Two cases being heard by the US supreme court on Tuesday may have enormous consequences for the future of Americans wetlands, the continued existence of the Federal clean water act, and are being watched closely by advocates for private property rights. As WMNFs Andrew Stelzer reports, environmental advocates are concerned that the first case heard by Justice Samuel Alito could set the tone for a steep decline in the protection of Americas water systems.

In the 2 Michigan cases which have made their way to the Supreme court, Lower courts ruled that the Clean Water Act of 1972, allows federal agencies to prevent pollution not just of large bodies of water, but of small wetlands that impact larger waterways, even those which are miles away. The suits were filed by landowners who wanted to fill in and develop wetlands. One filled 50 acres of wetlands with sand in the 1980’s so the land could be sold to a shopping mall developer. In the second case, developers wanted to build condos on land that included 16 acres of wetlands. In both cases, the landowners were sued and lost in court, but their appeals have brought the question Jim Murphy, is the National Wildlife federations Wetlands attorney, he’s hopeful the court backs the Michigan courts decision.

ACT-Jim “the court is being asked 2 questions, the fist is does congress cover these bodies of water…the second is if they are under the commerce clause, if the court says no congress can not protect intrastate and interstates, then not only would that eviscerate the clean water act protection. “

Attorneys for the petitioners say that the case is an issue of property rights, but Murphy says that’s not true, because bodies of water extend beyond any one property.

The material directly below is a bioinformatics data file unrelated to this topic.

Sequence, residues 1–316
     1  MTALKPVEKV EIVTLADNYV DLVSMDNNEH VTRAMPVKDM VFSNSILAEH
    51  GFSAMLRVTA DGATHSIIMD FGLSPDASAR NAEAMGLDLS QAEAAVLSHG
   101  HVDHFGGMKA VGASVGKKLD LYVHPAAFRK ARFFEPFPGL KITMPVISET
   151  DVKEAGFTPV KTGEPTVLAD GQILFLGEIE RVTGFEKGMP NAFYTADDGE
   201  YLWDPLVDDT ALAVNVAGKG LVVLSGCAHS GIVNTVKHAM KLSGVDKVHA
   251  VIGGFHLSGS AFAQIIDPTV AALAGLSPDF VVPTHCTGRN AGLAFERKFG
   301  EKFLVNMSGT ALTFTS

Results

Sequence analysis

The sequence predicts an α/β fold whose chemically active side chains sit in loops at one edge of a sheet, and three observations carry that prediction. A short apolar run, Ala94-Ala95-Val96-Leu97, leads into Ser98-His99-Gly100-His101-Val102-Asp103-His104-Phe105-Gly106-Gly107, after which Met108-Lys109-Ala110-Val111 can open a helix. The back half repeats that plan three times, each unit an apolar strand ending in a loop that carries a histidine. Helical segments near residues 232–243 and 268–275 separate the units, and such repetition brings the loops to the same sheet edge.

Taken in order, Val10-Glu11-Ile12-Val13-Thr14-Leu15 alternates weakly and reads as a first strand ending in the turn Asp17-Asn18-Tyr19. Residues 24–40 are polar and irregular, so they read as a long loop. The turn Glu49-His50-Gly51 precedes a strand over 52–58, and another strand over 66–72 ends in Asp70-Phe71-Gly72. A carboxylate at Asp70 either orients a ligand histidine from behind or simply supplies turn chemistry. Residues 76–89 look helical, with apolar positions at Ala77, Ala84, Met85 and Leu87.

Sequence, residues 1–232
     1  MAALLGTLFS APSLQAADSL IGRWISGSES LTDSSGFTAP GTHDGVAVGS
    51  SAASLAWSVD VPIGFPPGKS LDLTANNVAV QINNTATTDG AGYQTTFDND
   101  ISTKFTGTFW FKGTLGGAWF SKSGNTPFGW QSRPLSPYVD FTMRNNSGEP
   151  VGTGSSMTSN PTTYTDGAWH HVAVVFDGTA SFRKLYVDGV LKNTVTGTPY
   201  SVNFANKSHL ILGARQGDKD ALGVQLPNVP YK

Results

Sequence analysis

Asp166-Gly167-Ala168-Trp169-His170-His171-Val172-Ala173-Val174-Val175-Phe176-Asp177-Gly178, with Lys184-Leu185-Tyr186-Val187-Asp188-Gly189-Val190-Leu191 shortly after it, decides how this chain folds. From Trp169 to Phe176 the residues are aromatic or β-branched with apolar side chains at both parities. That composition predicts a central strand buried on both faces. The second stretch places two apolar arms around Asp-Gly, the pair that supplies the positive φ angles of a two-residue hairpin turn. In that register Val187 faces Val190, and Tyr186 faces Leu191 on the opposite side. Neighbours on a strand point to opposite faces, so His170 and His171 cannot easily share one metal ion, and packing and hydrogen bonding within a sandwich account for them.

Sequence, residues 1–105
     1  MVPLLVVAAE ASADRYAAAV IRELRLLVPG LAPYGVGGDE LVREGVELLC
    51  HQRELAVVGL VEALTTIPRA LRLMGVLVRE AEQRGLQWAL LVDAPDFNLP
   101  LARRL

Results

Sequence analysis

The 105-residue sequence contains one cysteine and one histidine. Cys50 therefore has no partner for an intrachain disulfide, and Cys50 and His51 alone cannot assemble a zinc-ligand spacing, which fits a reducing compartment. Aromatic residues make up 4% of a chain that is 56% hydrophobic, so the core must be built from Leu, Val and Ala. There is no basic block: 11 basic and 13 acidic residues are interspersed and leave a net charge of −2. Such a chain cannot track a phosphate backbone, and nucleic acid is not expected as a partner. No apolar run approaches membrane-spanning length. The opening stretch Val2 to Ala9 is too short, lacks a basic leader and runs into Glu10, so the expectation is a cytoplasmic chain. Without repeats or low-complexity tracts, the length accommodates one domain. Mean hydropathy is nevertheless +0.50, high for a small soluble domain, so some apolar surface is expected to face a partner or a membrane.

ACT-Jim ‘Petitioners are asking the court to let them…the company’s are trying to convince that they can pollute..its like watering a tree but poisoning its roots…this would be a setback..�

Murphy says a ruling against congress’ ability of regulates small bodies of water under the clean water act would remove federal oversight over an important part of American ecosystems. Scott Yaich is the director of conservation programs for Ducks unlimited

ACT-Scott “the country water foul fish, etc can little afford to have tens of million of wetlands destroyed..�

Even if the court rules against the clean water act, state laws to protect wetlands and tributaries to various water quality standards will still apply in 19 or 20 states, but Jim says that’s not good enough because many bodies of water are shared by several states-he uses Michigan as an example.

ACT-Jim “Michigan shares bodies of water, so essentially they would lose out..�

Scott also points out the safety issues that could be affected, as was seen in the gulf coast, when the destruction of wetlands increased the amount of water pushing on levees that eventually broke and flooded new Orleans.

ACT-Scott “I go back to the floods of 1993, those floods were as damaging as they were, they would not have been as great except for the fact that across the landscape we lost half or more of the wetlands, when they were there, they all held water, it rushes into eth tributaries and exacerbated, so even an individual wetland in a way it still is linked because it cant hold the water it would normally held and protect downstream interest against flooding..�

In Florida, wetlands have been filled in and paved over at an alarming rate; Murphy says that’s already true around the country.

ACT-Jim “in the context of filling ditches, the court approves well over 90% of them anyway, and many under general permit, so the briefs of petitioners are exaggerated..most development are allowed to go forward, but if you remove the acts power, you will have huge negative impacts..�

The case will be the first heard by newly appointed Justice Samuel Alito. A decision will likely not be issued at least until later this summer.

For WMNF news, I’m Andrew Stelzer

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